Philippines Says June 17 Sea Clash a ‘Deliberate Act’ by China

(Bloomberg) -- The Philippines said last week’s encounter with China in the disputed South China Sea where a Filipino soldier lost a finger was a “deliberate act” by Beijing.

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Manila has “come to a conclusion that it was not a misunderstanding or an accident,” Defense Secretary Gilberto Teodoro told a briefing Monday, a day after he and President Ferdinand Marcos Jr. visited troops of the Western Command that oversees the contested waters.

“We are not downplaying the incident. It was an aggressive and illegal use of force,” he said, adding the Southeast Asian nation’s policy of asserting its territorial claims in the South China Sea hasn’t changed.

Teodoro said the Philippines will not be publishing schedules on when it will be sending resupply missions to its military outpost in Second Thomas Shoal. That’s in contrast to a statement by Executive Secretary Lucas Bersamin on Friday, which Teodoro said was only a recommendation.

The defense chief’s latest comments show how the Philippines wants to put China to task over the June 17 clash when Manila said Chinese coast guard crew used bladed weapons to puncture boats, seized guns and rammed Philippine vessels that led to a Filipino sailor losing his thumb.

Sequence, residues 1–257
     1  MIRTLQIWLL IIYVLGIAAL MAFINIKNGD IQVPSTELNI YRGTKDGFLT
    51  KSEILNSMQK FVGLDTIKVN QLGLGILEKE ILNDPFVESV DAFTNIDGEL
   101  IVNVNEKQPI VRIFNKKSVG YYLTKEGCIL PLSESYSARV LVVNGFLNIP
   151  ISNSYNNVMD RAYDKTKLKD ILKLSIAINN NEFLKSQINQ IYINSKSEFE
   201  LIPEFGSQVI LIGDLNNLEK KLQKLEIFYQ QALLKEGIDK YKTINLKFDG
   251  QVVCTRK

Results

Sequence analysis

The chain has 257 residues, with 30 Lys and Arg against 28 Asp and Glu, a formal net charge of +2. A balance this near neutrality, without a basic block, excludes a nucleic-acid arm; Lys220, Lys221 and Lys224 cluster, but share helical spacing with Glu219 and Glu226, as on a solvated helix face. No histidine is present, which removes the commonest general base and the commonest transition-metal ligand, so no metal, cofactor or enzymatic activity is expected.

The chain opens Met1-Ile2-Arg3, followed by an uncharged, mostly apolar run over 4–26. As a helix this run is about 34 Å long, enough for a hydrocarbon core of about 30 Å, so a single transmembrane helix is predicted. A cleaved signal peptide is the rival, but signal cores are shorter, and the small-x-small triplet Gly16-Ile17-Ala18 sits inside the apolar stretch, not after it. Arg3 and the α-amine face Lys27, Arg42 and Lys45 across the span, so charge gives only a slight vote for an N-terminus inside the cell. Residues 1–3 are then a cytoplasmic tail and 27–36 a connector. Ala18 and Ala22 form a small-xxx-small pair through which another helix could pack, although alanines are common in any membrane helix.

“We, however, continue to find peaceful solutions to this issue. The Philippines is a responsible state,” Teodoro said.

Responding to Teodoro’s remarks, China reiterated that Second Thomas Shoal is its territory.

The Philippines “should go back on the track of negotiating with China and safeguard the peace and stability in the South China Sea,” Chinese Foreign Ministry spokeswoman Mao Ning said at a regular press briefing in Beijing on Monday.

Marcos said Sunday that the nation would not resort to force or intimidation in the contested waters following the June 17 clash, and is “not in the business to instigate wars.”

“We will continue to exercise our freedoms and rights in support of our national interest, in accordance with international law,” Teodoro said.

National Security Adviser Eduardo Ano told reporters that the latest clash between Philippine and Chinese vessels could not be classified as an “armed attack” that could trigger Manila’s defense treaty with the US. By definition, an armed attack “is the use of military force, an excessive use of force that could trigger collective self defense,” Ano said.

The US State Department last week called out Beijing’s “escalatory actions” in the disputed waterway with the Philippine military releasing videos of what it called as China’s “brutal assault.”

--With assistance from Cecilia Yap and Philip Glamann.

(Updates with details throughout.)

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